Paul McCartney on Songwriting, The Beatles and Revisiting Old MaterialMusic Features Paul McCartney
Paul McCartney’s 2013 album, New, should rank as one of his best solo works. Showcasing everything from glam and big rock to more personal and introspective tunes, the LP encompassed everything great about “The Cute One” in one package. But even at 72, McCartney is by no means at a stopping point. The former Beatle spent the bulk of 2014 on a whirlwind tour around the world and even released a song written specifically for the video game Destiny. Paste caught up with him to talk about the science of songwriting, his endless supply of hooks and downtime back at home.
Paste: Congratulations on New. What a great record.
Paul McCartney: Thank you, man. I will say it’s always great to make. It’s always great to have a new bunch of songs and then get together with some people. It’s like the best period, making the record and then getting into it. This is very exciting to get to do this one. I had a lot of fun making it and it’s been received very well, so I’m very pleased.
Paste: There’s this fire in it. I think it might have been the perfect Paul McCartney album for this era. It has those classic sounds that your longtime fans have yearned to hear, but there’s a real freshness to it. Is that difficult, knowing you’ve got to speak to older fans at the same time as trying to do something new?
McCartney: The truth is the problem’s always been the same, really. When you think about it, when you’re writing a song, you’re always trying to write something that you love and the people will love. It’s the same now. It doesn’t get any easier or harder really. Sometimes you get really lucky and you go, “Whoa, that one slipped out easy.” And then some other times it’s a bit more of a grind, but it’s something I love doing. Whenever I try to do it, there’s a sort of fascination to it. Like “Wow, two seconds ago there wasn’t a song, and now we’ve got something.” It’s kind of a magical thing. I love doing it.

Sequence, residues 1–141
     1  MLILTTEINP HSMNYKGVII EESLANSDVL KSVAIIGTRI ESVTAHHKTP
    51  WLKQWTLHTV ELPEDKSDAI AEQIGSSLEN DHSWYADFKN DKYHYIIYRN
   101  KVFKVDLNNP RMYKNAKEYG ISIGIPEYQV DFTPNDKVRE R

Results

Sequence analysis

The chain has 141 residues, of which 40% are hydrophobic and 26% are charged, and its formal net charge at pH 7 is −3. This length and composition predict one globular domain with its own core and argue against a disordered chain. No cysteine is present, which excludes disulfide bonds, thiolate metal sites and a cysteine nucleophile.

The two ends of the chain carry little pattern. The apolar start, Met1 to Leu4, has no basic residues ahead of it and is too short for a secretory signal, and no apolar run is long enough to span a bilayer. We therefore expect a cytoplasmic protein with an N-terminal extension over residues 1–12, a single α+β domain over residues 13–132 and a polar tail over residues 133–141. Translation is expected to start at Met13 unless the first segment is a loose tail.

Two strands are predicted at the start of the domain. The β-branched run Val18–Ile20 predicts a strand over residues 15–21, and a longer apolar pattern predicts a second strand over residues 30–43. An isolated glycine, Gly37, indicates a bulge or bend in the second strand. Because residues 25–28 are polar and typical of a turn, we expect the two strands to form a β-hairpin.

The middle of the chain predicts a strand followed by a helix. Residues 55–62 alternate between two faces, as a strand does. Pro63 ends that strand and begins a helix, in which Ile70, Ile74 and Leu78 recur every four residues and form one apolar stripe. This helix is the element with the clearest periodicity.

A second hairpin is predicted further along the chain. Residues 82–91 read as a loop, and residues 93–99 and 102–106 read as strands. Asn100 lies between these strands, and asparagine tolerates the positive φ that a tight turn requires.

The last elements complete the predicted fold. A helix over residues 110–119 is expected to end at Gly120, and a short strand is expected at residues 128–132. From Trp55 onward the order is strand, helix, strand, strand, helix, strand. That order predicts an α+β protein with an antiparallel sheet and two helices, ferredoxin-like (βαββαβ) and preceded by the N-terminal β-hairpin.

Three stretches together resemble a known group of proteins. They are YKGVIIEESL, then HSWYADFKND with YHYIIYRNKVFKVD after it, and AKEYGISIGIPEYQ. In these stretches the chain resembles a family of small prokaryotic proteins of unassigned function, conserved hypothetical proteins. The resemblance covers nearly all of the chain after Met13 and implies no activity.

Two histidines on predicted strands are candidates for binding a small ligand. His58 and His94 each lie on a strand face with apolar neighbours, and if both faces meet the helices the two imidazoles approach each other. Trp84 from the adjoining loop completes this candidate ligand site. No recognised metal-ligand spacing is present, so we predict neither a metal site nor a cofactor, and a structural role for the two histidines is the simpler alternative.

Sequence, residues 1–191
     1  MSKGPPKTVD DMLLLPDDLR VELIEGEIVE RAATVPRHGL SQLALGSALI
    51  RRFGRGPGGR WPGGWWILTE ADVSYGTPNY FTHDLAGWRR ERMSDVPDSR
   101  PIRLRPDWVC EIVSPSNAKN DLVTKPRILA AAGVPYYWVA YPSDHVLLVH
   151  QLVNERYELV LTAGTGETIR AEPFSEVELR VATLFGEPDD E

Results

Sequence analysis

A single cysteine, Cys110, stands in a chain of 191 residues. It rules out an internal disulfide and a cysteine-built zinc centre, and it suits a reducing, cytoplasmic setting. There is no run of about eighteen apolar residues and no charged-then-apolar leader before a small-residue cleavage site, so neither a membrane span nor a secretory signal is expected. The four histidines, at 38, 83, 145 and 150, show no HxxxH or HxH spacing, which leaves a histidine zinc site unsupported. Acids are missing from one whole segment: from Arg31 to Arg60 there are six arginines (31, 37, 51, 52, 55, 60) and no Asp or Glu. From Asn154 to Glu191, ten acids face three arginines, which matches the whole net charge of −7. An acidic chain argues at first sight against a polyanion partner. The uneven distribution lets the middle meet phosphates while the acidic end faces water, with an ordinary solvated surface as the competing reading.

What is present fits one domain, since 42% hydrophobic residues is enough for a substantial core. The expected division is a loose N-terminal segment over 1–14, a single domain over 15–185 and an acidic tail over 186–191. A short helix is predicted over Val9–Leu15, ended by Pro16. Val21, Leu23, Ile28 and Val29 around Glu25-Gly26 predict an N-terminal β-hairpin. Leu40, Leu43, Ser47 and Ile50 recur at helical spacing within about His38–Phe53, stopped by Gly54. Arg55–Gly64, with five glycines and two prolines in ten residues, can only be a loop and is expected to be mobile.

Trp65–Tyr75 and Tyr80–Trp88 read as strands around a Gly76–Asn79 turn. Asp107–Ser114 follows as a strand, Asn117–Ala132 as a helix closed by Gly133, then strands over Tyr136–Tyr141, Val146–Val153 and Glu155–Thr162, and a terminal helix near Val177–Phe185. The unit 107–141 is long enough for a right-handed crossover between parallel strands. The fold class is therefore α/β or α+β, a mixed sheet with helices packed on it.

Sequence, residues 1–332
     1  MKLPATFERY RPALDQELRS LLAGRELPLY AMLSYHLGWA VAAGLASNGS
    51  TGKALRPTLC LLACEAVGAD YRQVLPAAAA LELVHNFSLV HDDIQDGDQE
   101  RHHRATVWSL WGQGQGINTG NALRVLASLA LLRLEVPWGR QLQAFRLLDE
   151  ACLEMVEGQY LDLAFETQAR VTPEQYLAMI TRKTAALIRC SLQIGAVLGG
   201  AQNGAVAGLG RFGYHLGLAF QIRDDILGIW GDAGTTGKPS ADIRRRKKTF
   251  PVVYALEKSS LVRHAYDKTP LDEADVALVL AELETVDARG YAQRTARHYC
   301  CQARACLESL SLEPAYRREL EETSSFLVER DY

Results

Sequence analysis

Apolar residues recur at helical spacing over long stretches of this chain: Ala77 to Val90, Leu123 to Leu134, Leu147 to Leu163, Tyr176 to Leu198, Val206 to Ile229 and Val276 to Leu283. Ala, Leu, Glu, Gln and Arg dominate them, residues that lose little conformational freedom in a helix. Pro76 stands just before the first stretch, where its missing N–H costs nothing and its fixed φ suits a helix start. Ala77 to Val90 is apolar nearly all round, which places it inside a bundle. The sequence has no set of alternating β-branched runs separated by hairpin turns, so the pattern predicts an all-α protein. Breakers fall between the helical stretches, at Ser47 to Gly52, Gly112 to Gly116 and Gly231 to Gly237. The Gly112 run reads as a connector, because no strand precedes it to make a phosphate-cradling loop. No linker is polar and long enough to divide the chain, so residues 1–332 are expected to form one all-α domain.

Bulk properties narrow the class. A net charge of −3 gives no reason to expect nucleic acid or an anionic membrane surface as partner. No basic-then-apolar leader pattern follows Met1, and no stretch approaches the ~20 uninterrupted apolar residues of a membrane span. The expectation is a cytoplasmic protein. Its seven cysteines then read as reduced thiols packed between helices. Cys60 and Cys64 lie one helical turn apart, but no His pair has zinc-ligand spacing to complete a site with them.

Paste: I know songs seem to arrive out of nowhere, and there’s never a way to explain that, but I expect there is a science to a song. In this record, it’s full of hooks everywhere. I don’t know a lot of people, especially over a lifetime or a career, who have been able to produce so many catchy moments. Is that accurate? Because again a song idea kind of arrives from the universe but at some point, you have to know how to build a house.
McCartney: I think that’s right. Both of those things are right. They definitely just arrive out of thin air, but I think you have to know how to spot them. I think someone building a car suddenly knows when the design is right or when the engine sounds good. After a while you get used to that, and you say, “Yeah, this is the way you go.” As far as hooks are concerned, I must say I just love them. I love them on other people’s records. I love it. You find yourself whistling it or wake up thinking, “What’s that? Oh I love that. What is it?” The best scenario is when you realize it’s one of yours. “Oh, it’s the one I’m writing currently.” That’s the right sign. But I tell you what, it beats working.
Paste: Does it ever get to a point where it’s a bit mathematical when you are writing a song? Like you know the tricks that work.
McCartney: Not really. You try and avoid that. If that happens, you back off. You start to think, “No, I don’t want to do that.” It’s actually not a good thing to do because you mathematically work yourself into a hole. So you don’t want to do that. If you find yourself doing that, I always kind of pull up and go, “No, let’s go somewhere else with that.” Then you kind of surprise yourself. You go, “Well, I wouldn’t have gone there, but it’s kind of cool.” That’s what makes it a fascinating process.